The British Library, along with several other institutions, has warned that the UK's web heritage could vanish forever if it's not granted the "right to archive" – that is, to capture and keep sites.
In the last six years it's only managed to archive 6,000 sites, which are at the UK Web Archive (http://www.webarchive.org.uk/ukwa/) and available to the public.
However, that figure is from an estimated total of eight million out there. All archiving currently needs the permission of the site owner. Research shows that the life expectancy of most sites is no more than 75 days, with 10 per cent of all British sites lost or replaced every six months.
The British Library is leading a consortium that also includes the National Library of Wales and the Wellcome Library, to lobby the government for clarification of the Legal Deposit Libraries Act. Under this, a copy of every print publication in the UK has to be deposited in the British Library, and it was extended to online material in 2003.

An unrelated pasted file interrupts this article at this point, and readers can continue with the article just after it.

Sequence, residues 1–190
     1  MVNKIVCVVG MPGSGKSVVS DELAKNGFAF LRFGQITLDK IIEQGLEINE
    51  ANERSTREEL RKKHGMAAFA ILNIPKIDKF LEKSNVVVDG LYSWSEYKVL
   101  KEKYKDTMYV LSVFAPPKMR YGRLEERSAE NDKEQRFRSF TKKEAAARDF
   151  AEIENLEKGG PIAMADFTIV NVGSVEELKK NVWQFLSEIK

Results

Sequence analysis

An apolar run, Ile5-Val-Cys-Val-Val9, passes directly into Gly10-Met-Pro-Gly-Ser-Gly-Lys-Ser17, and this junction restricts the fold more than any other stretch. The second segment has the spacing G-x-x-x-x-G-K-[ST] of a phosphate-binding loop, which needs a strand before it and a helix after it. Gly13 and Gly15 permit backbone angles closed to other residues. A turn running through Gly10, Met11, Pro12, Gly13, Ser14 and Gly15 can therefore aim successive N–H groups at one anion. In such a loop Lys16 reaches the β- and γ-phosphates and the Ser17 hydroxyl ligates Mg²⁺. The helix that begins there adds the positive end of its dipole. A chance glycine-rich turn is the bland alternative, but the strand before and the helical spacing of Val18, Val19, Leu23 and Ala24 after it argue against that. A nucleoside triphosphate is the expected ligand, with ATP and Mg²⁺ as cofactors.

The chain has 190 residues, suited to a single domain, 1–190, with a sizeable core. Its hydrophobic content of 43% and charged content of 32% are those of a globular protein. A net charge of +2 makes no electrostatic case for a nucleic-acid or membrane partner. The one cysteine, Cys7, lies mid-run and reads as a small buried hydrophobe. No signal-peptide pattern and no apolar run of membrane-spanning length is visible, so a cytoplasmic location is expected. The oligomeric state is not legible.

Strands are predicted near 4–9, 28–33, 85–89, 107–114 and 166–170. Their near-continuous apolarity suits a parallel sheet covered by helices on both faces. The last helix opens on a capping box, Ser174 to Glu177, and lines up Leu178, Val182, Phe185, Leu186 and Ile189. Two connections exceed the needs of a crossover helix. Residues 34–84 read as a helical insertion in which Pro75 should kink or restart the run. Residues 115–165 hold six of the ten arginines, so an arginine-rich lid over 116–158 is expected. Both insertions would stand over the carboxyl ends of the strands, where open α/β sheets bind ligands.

However, there's never been any clarification on how to achieve this. British Library Chief Executive, Dame Lynne Brindley said: "Limited by the existing legal position, at the current rate it will be feasible to collect just one per cent of all free UK websites by 2011."
She added that the archive was vital to "avoid the creation of a 'digital black hole' in the nation's memory."
Holding for the future
So far the project has archived web forums discussing the 2005 London bombings, sites of MPs who've died, and sites of companies that went under during the credit crunch.
"We can't make a judgement about what people in the future will find useful," said a British Library spokesman.
The Wayback Machine (http://www.archive.org/) does offer a very wide-ranging web archive, and a few countries have begun to work on keeping their country's websites.
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